The Kavli Prize honors scientists for breakthroughs in astrophysics, nanoscience and neuroscience that transform our understanding of the very big, the very small and the very complex. Since the first awards in 2008, the Kavli Prize has recognized innovative scientific research – from the discovery of CRISPR-Cas9 to the detection of gravitational waves.
Presented every two years, each of three international prizes consists of $1 million USD. Kavli Prize Laureates are selected by the Norwegian Academy of Science and Letters and are celebrated in Oslo, Norway, in a ceremony presided over by the Royal Family, where they receive gold medals for their achievements.
The vision for the Kavli Prize comes from Fred Kavli, a Norwegian-American, who turned his lifelong fascination with science into a lasting legacy for recognizing scientific breakthroughs and for supporting basic research.
|“I have never met a bigger optimist. His belief in the importance of science for advances for humanity makes him a model for all of us. He looked forward.” - Trond Fevolden, secretary-general, Norwegian Ministry of Education, 1992-2016|
In 2005, the Kavli Prize was established in partnership with The Norwegian Academy of Science and Letters and The Norwegian Ministry of Education and Research. Fred Kavli selected the fields of astrophysics, nanoscience and neuroscience because he believed them to be exceptionally interesting and exciting, and that they would have great benefits to science and society. “The fields have longevity and I don’t believe that we will ever run out of questions in these fields.”
The Kavli Prize was established to recognize outstanding scientific research, honor highly creative scientists, promote public understanding of scientists and their work, and foster international cooperation among scientists.
The Kavli Prizes have so far honored 47 scientists from eleven countries − the United States, United Kingdom, Germany, France, Netherlands, Lithuania, Japan, Norway, Russia, Sweden and Switzerland.
The most recent 2018 laureates include (Netherlands) who received the Kavli Prize in Astrophysics “for her combined contributions to observational, theoretical, and laboratory astrochemistry, elucidating the life cycle of interstellar clouds and the formation of stars and planets”. (France), (U.S.) and (Lithuania) shared the Kavli Prize in Nanoscience “for the invention of CRISPR-Cas9, a precise nanotool for editing DNA, causing a revolution in biology, agriculture, and medicine”; and (U.S.), (U.S.) and (France) shared the Kavli Prize in Neuroscience “for their pioneering work on the molecular and neural mechanisms of hearing.”
Past awards have honored scientists for research ranging from the discovery of the Kuiper Belt to creating unprecedented methods for controlling matter on the nanoscale, to deepening our understanding of the basic neuronal mechanisms underlying perception and decision-making.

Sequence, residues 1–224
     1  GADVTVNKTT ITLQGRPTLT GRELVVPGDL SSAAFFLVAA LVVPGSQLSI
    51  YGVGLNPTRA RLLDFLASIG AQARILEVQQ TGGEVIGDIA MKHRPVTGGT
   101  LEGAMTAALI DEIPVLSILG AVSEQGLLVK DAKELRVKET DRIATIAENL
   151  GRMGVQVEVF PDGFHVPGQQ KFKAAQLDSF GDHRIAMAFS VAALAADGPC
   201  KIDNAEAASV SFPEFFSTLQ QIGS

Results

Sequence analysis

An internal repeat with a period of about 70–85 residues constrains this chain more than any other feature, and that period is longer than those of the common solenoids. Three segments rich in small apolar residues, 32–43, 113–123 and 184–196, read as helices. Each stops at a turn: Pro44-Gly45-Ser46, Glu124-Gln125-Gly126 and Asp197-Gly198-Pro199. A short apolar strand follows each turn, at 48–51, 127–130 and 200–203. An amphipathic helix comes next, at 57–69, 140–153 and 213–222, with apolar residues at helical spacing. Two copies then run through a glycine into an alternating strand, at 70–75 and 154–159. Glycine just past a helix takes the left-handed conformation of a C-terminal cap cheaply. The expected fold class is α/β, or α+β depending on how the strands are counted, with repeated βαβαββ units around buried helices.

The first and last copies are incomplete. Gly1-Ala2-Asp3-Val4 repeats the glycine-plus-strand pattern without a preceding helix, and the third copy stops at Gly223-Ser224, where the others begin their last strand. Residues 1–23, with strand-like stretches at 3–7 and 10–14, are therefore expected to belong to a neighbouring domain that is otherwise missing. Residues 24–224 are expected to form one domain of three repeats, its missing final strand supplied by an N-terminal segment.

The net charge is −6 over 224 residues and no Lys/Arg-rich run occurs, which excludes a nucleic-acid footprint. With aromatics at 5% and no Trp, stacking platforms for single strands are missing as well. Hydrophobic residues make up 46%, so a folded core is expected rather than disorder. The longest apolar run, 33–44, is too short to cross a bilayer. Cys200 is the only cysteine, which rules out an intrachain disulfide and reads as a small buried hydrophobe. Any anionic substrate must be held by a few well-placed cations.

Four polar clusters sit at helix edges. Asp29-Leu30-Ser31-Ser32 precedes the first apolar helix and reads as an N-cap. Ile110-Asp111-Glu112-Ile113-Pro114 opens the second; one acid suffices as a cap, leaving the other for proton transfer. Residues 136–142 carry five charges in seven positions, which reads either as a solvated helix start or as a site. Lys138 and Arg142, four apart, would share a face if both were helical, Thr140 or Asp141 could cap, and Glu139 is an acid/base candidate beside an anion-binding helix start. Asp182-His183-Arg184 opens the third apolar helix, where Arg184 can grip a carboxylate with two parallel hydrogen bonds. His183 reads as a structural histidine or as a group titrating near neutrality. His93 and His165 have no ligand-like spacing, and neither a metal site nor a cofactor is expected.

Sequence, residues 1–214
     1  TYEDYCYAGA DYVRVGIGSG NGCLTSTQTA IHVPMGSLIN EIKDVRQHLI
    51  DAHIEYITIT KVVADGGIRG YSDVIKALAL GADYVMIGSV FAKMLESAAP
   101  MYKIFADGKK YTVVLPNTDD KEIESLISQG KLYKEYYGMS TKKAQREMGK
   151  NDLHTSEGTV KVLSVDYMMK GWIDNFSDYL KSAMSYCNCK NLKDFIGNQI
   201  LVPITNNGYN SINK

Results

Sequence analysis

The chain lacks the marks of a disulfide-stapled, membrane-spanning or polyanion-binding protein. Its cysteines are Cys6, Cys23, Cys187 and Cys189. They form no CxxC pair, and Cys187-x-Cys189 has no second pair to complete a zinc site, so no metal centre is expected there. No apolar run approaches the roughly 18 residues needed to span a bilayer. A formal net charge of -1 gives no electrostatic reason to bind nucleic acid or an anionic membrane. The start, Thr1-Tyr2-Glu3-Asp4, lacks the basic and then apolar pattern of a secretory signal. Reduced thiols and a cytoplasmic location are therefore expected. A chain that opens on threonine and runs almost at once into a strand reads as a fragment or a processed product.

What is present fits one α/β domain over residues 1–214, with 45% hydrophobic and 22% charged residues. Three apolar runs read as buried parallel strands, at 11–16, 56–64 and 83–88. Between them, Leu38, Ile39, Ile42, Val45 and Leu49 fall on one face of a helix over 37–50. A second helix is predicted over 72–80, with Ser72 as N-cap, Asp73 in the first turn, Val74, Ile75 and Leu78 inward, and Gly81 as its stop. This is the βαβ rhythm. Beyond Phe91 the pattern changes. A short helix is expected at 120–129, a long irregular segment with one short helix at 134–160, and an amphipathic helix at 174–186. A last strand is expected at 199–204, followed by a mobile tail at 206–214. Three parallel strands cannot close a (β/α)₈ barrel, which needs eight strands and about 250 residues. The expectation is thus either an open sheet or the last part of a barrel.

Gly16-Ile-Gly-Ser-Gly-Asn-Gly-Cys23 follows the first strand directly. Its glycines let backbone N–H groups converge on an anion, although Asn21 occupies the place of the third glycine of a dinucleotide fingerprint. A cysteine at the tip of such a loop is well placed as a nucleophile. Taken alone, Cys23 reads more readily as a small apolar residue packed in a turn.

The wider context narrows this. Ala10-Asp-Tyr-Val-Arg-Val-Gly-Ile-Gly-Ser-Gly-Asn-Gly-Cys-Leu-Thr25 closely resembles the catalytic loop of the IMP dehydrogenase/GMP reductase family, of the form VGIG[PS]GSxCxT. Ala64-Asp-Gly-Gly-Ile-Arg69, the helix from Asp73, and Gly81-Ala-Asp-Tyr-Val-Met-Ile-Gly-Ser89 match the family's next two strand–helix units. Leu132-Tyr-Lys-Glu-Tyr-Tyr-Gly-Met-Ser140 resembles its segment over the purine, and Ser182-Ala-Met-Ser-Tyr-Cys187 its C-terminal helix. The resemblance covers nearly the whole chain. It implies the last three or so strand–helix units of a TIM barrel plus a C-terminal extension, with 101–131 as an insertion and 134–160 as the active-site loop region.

The Kavli Prizes recognize seminal scientific achievements in astrophysics, nanoscience and neuroscience.
The Kavli Prize in Astrophysics is awarded for outstanding achievement in advancing our knowledge and understanding of the origin, evolution and properties of the universe, including the fields of cosmology, astrophysics, astronomy, planetary science, solar physics, space science, astrobiology, astronomical and astrophysical instrumentation, and particle astrophysics.
The Kavli Prize in Nanoscience is awarded for outstanding achievement in the science and application of the unique physical, chemical and biological properties of atomic, molecular, macromolecular, and cellular structures and systems that are manifest in the nanometer scale, including molecular self-assembly, nanomaterials, nanoscale instrumentation, nanobiotechnology, macromolecular synthesis, molecular mechanics and related topics.
The Kavli Prize in Neuroscience is awarded for outstanding achievement in advancing our knowledge and understanding of the brain and nervous system, including molecular neuroscience, cellular neuroscience, systems neuroscience, neurogenetics, developmental neuroscience, cognitive neuroscience, computational neuroscience, and related facets of the brain and nervous system.
Selection of the Kavli Laureates
The Norwegian Academy of Science and Letters appoints the three prize committees after receiving recommendations from the following international academies and equivalent scientific organizations:
- The Chinese Academy of Science
- The French Academy of Sciences
- The Max Planck Society (Germany)
- The National Academy of Sciences (US)
- The Norwegian Academy of Science and Letters
- The Royal Society (UK)
The prize committees review the nominated candidates and submit their recommendations to the board of The Norwegian Academy of Science and Letters. The President of the Academy announces the prize winners in late May or early June every other even-numbered year.
Roles and Responsibilities of the three Kavli Prize partners
All three Kavli Prize partners cooperate in the planning and implementation of all global Kavli Prize events. Distinct roles for the Prizes partners include:
The Norwegian Academy of Science & Letters’ Role
The Norwegian Academy of Science and Letters is responsible for administering the Kavli Prize Week in Oslo, Norway, the Kavli Prize Selection Committees and the announcement of the Kavli Prize Laureates.
Norwegian Ministry of Education and Research’s Role
The Norwegian Ministry of Education and Research hosts the Kavli Prize Banquet and provides funding to The Norwegian Academy of Science and Letters for the administration of the Kavli Prizes.
The Kavli Foundation’s Role
The Kavli Foundation is responsible for providing the award money and gold medals to the Kavli Prize Laureates and for publicizing the awards and the Laureates.